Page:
Revisiting the History of Little Canadas in the US: Identity and Spatial Organization in the 19th and 20th Centuries

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We are delighted to bring together some of the most inspiring researchers in Franco-American Studies, and we would like to extend an invitation to all of you. “Revisiting the history of Little Canadas in the US”, that is the topic Robert Forrant, Ph.D., Distinguish Professor at the University of Massachusetts, Lowell, Patrick Lacroix, Ph.D., Director of the Acadian Archives at the University of Maine, Fort Kent, James Paul, former Professor of History at the Kankakee Community College and President of the Bourbonnais Grove Historical Society, Illinois, David Vermette, a Franco-American from Massachusetts and an eminent scholar, whose A Distinct Alien Race is “the best synthesis of Franco-American history written to date” (L. Choquette), Robert B. Perreault, a prominent Franco-American, a public speaker, a researcher, a writer and a lecturer at Saint Anselm College, New Hampshire, and Mack Brza, a very promising young scholar, who serves as Collections Manager at the Kankakee French Heritage Museum, Illinois. Over the course of two days, we will hear from them about Little Canadas and the direction and future of the Franco-American identity.

During the 19th century, European and Canadian immigrants to the US and beyond have tried to reconstruct symbolically and geographically in countries of exile their countries of origin in miniature (“Little Canada”, “Little Italy”, “Little Spain”, “Frenchville”, etc.). These ethnic enclaves were the result of the inhabitants consciously establishing a dynamic relationship of appropriation of their own place. We all know that the modes of location as spatial organization are kinds of translations of cultural models of social life. Habitat is a significant component of material culture, conveying the occupants’ mentality and their relationship to their surroundings. Spatial appropriation is a collective expression, which is contingent upon the inhabitant’s statement of identity.

Day 1 — Thursday, October 19, 2023                           4 pm —6 pm  Online


4:00 pm —4:30 pm     Online via zoom

Où est le Canada? Rediscovering the Rural Franco-American

For generations, the urban ethnic clusters known as Little Canadas have served as the primary lens through which we understand Franco-American history in the U.S. Northeast. Survey works and countless articles and theses in the field of Franco-American studies have supported and echoed a dominant paradigm organized around national parishes and textile factories. As a result, at a scholarly level, we know a great deal about these urban communities. Comparatively, we still know little about Franco-American life outside of a handful of large cities in Boston’s hinterland. Outlying centers of French-heritage population represent one of the next frontiers of research in this field. The study of rural areas and “mini mill towns” promises new insights about the social, cultural, and economic universe of French-Canadians immigrants to the Northeast and their descendants, not least by highlighting the diverse experiences hidden in a seemingly singular and monolithic Franco-American identity. Combining statistical data and vignettes from lesser-known “Franco” communities, this paper systematizes existing research and proposes ways of thinking through the problem of invisible Franco-Americans—invisible in existing works rather than in original primary documents. From northern New York State through the rural areas of Vermont and New Hampshire to central Maine, abundant sources invite new research and raise new questions about supposedly normative Franco-American experiences.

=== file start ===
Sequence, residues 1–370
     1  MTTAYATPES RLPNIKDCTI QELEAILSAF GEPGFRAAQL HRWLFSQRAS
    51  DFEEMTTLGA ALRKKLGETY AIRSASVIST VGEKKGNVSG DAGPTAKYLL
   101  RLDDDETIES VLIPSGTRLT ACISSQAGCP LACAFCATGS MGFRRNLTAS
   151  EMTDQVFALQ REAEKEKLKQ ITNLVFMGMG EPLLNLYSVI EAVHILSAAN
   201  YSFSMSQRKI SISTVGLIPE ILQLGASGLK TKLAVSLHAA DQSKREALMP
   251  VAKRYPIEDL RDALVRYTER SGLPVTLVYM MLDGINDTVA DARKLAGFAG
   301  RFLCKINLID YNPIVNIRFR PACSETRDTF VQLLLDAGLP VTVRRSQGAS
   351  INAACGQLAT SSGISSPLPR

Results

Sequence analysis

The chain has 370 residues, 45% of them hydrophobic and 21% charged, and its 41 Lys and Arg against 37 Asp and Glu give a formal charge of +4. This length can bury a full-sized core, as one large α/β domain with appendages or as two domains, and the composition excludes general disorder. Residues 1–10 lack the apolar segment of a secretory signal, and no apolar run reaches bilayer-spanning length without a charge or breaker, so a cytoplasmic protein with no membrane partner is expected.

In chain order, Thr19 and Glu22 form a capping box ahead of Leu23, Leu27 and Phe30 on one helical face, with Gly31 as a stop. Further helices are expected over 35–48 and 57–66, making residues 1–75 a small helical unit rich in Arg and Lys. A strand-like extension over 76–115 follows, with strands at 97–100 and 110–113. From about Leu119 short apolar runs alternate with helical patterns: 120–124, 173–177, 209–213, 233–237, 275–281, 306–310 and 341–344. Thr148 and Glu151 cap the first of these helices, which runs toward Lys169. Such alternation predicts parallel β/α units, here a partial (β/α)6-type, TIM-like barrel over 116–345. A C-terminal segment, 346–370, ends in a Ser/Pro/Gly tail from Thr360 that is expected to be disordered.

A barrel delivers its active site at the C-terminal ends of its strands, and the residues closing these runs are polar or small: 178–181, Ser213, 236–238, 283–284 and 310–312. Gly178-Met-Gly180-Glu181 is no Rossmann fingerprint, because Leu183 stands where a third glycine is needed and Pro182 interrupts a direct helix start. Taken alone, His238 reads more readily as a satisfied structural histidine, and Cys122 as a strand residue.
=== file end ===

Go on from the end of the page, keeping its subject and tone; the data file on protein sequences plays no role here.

Patrick Lacroix, Ph.D., is a former Fulbright fellow and a former instructor at Phillips Exeter Academy. He has also taught at postsecondary institutions in New Hampshire, Quebec, and Nova Scotia. As a scholar of U.S. religious history, Dr. Lacroix studies faith-based activism and its role in twentieth-century political realignments. His first monograph, John F. Kennedy and the Politics of Faith (University Press of Kansas, 2021) finds in the early 1960s a rapid shift in religious discourse that produced a new political and ideological landscape. Dr. Lacroix has brought historical perspective to the current state of religious activism in a number of outlets, including the History News Network, the Washington Post, and the Concord Monitor. Dr. Lacroix is also a leading scholar of Franco-American history. He has authored articles in numerous peer-reviewed journals as well as “Tout nous serait possible”: Une histoire politique des Franco-Américains, 1874-1945 (Presses de l’Université Laval, 2021). A native of Quebec, he studies points of intersection in Canadian and American “national” histories by studying migration and other encounters across the international border. He currently serves as director of the Acadian Archives in Fort Kent, Maine.


 4:30 pm — 5:00 pm    Online via zoom

The French-Canadian Heritage Corridor in Northeastern Illinois

“On Monday November 4, 2013, the Kankakee County Historic Preservation Commission supported a proposal to contact Illinois State Representative Kate Cloonen about introducing to the state legislature a resolution to designate a section of Interstate 57 as the “French-Canadian Heritage Corridor”[…]. Those settlements included Bourbonnais Grove (now Bourbonnais), Le Petite Canada (sic) (gone now, but the site is located in the Davis Creek area of Kankakee River State Park).

 ( Dr. Paul will share with the audience the rich and edifying adventures of French-Canadian immigration in the Midwest.

Dr. James Paul is a retired Professor of History at Kankakee Community College. He has been the president of the Bourbonnais Grove Historical Society since 2016 and has served as a Secretary on the Kankakee County Historic Preservation Commission. He recently received an Award of Excellence for his role in teaching history and helping to preserve it.


5:00 pm — 5:30 pm Online via zoom

Cultural Fusion in Frontier Petit Canada: The Rise and Fall of Potawatomi and French-Canadian Relations in Bourbonnais, Illinois

The concept of Petit Canada is traditionally associated with the migration of French Canadians to locations within the eastern half of the United States. This remains fairly well-established information with regards to the infancy of the United States. However, what did Petit Canada look like for those who elected to settle territories largely undiscovered or unexplored during the early portions of the 19th century? Looking deeper at the establishment of Bourbonnais Grove, once described as “delightfully French”, and its founder, one uncovers some strange friendships and some practices steeped in French-Canadian tradition. This project seeks to examine the interplay and exchange between the Native Potawatomi of Northeast Illinois and Noel Levasseur, founder of Bourbonnais, Illinois. It will take a deeper dive into Levasseur’s early career as a Coureur de Bois and his display of leadership in founding a settlement along the Kankakee River. Additionally, it will provide a detailed look into the everyday life of the Potawatomi and French-Canadian villagers and the perceptions of the forced migration west into Iowa that followed the growth of Kankakee County. The intent of this presentation is to bring light to some of the nuances of westward expansion, indigenous relations, and French-Canadian migration.